The leaders of several conservative groups called Wednesday for Senate Majority Leader Mitch McConnell to step down as leader, arguing the Kentucky Republican and the rest of his team should be ousted from their posts because they have not implemented the conservative agenda they promised.
“We call on all five members of the GOP Senate leadership to step down, or for their caucus to remove them as soon as possible,” Ken Cuccinelli, the former attorney general of Virginia who now leads the Senate Conservatives Fund, said at a Wednesday press conference on Capitol Hill.
All the leaders come from anti-Republican establishment organizations with ties to the Tea Party movement. They have long been thorns in McConnell’s side and have backed conservative challengers to Republican incumbents in Senate races. They include representatives from FreedomWorks, the Tea Party Patriots and For America.
“If this was a football team, and you’d lost this many times, you’d start seriously considering firing the coaches,” said David Bozell, the president of For America.
They distributed a letter sent to McConnell, where they outlined their criticism of the GOP leadership. Some of the groups have called for McConnell’s ouster before.
“You and the rest of your leadership team were given the majority because you pledged to stop the steady flow of illegal immigration,” the letter states. “You have done nothing. You pledged to reduce the size of this oppressive federal government. You have done nothing. You pledged to reduce, and ultimately eliminate the out-of-control deficit spending that is bankrupting America. You have done nothing. You promised to repeal Obamacare, ‘root and branch.’ You have done nothing. You promised tax reform. You have done nothing.”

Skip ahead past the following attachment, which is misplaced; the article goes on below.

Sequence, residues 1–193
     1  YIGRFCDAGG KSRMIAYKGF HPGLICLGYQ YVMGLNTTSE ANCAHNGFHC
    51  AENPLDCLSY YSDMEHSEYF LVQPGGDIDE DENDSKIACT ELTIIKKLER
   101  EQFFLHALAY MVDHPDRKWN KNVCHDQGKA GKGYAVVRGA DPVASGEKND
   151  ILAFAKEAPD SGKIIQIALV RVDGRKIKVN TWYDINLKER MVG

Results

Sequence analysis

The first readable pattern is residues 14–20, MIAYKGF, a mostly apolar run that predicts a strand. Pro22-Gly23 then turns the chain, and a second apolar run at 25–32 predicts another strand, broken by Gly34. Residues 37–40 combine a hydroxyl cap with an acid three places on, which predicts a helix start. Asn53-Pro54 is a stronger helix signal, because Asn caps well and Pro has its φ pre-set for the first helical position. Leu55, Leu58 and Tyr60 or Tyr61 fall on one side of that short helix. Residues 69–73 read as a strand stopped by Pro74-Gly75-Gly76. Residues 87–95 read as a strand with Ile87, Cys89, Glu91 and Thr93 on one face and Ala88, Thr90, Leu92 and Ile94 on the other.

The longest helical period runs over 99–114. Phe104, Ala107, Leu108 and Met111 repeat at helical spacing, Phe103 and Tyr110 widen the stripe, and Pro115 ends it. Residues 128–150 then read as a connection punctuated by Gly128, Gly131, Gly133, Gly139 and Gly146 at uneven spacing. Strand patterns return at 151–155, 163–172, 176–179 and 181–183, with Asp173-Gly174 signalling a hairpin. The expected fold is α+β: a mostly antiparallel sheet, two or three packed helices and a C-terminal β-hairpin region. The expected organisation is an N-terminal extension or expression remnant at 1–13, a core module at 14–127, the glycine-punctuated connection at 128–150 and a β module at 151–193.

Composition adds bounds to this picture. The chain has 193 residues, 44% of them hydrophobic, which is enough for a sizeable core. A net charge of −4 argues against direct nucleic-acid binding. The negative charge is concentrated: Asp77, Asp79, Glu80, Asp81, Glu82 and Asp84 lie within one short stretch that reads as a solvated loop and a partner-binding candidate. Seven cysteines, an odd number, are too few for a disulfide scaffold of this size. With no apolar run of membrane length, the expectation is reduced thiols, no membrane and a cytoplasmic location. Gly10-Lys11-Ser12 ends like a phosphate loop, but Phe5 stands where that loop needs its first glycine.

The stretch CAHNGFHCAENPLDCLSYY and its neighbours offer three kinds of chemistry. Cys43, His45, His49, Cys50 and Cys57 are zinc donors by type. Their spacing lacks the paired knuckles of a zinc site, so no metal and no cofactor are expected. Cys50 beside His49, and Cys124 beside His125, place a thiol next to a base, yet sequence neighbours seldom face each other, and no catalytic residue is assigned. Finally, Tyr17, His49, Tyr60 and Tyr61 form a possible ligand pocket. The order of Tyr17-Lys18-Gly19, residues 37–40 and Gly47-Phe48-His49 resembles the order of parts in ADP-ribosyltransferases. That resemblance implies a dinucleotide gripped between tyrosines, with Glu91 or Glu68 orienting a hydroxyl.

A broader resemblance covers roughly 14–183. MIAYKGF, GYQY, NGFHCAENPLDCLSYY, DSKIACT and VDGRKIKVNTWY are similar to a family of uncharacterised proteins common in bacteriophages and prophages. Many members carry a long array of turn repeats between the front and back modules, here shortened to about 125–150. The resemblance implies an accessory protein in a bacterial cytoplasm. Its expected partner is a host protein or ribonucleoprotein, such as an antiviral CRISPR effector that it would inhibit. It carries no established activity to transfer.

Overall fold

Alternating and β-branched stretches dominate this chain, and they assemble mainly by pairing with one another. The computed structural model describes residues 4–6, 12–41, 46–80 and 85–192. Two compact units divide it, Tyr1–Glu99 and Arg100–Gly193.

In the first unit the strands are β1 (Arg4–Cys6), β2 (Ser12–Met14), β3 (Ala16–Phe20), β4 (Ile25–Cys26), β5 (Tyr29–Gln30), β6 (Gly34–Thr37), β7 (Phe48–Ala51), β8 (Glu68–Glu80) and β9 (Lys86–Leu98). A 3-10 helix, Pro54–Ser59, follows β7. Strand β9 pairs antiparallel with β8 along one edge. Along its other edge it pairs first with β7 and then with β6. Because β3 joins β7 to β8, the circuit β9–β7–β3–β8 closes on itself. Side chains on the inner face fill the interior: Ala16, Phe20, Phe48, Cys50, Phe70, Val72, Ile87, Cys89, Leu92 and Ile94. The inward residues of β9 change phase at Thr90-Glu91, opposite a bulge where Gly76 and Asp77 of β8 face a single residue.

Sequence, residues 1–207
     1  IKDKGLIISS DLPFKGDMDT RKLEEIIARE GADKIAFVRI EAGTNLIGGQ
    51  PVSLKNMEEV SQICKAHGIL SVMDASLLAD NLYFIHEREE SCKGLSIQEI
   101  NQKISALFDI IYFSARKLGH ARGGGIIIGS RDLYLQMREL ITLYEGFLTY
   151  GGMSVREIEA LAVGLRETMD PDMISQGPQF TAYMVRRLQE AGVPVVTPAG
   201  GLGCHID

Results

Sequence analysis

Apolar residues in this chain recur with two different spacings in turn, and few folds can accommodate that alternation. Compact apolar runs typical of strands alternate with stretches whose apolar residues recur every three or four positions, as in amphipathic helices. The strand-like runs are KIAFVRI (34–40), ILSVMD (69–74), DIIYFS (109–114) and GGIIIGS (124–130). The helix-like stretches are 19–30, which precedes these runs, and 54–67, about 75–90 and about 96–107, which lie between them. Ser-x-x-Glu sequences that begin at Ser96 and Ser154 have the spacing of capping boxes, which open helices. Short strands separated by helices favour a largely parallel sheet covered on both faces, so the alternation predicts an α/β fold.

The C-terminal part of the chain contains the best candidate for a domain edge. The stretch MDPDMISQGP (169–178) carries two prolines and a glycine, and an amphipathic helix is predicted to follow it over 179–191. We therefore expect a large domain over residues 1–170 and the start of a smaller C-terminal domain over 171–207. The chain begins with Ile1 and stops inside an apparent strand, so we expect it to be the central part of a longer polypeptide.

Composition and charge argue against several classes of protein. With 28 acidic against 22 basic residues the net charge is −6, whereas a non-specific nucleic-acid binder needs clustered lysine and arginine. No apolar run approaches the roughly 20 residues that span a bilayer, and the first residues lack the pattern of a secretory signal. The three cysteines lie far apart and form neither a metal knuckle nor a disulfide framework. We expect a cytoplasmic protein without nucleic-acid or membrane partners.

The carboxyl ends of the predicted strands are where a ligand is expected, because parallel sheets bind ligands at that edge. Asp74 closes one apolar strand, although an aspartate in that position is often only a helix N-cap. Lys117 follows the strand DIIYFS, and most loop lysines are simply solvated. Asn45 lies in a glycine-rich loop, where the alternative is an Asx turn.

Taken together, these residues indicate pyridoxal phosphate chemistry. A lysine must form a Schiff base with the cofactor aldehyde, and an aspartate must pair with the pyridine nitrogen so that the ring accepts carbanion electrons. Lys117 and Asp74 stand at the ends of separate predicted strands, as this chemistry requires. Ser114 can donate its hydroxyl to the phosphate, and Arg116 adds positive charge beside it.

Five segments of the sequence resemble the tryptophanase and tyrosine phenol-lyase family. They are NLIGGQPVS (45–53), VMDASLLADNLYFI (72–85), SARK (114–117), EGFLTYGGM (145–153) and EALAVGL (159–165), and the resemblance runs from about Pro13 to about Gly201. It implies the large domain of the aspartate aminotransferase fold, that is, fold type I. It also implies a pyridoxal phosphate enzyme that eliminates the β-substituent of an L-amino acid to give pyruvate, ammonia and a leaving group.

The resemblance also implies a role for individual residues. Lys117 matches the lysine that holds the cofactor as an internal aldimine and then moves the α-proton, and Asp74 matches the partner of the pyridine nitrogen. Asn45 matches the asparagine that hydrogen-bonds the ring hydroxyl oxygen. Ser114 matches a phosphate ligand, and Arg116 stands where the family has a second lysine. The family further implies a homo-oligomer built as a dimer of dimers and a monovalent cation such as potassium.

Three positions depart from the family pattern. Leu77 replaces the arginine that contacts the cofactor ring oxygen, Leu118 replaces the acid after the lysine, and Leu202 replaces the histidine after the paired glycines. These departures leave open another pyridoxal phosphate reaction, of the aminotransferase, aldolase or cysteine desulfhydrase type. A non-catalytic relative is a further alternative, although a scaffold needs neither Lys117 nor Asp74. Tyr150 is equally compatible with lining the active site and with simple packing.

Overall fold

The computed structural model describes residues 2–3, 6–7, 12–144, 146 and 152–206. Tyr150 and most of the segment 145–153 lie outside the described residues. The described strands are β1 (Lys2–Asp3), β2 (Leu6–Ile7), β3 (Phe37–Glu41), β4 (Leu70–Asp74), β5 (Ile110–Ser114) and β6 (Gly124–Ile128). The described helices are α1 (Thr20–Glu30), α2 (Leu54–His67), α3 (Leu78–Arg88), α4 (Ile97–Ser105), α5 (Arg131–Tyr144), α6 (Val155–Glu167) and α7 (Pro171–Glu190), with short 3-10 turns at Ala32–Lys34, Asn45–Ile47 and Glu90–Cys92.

The leaders said they aren’t backing specific lawmakers to replace McConnell and his deputies. But they offered praise to several current senators.
“If I had to pick someone, I’d love to draft like Pat Toomey maybe,” FreedomWorks President Adam Brandon said of the Pennsylvania senator. “There’s a lot of different people out there who I think could unite this caucus and actually lead on some issues.”
Asked about Georgia Sen. David Perdue, Jenny Beth Martin of Tea Party Patriots suggested she could support him as leader. “I’m from Georgia, so I’m not opposed to him,” Martin said, praising his background as a CEO before being elected to the Senate.
“Who would I select?” said Brent Bozell of the Media Research Center. “I’m not going to name a name. But I’ll tell you. It’s on one hand those that I feel comfortable with who are real conservative leaders today.”
‘If this was a football team, and you’d lost this many times, you’d start seriously considering firing the coaches.’
The groups also expressed frustration with McConnell’s endorsement and support for incumbent Alabama Sen. Luther Strange in the state’s recent Republican primary. They supported Roy Moore, the former Alabama chief justice, who defeated Strange in last month’s run-off.
A spokesman for McConnell did not immediately respond to a request for comment from Fox News.
McConnell was first elected to the Senate in Kentucky in 1984. Rising through the Republican leadership, McConnell became Senate majority leader after Republicans won control of the chamber in 2014.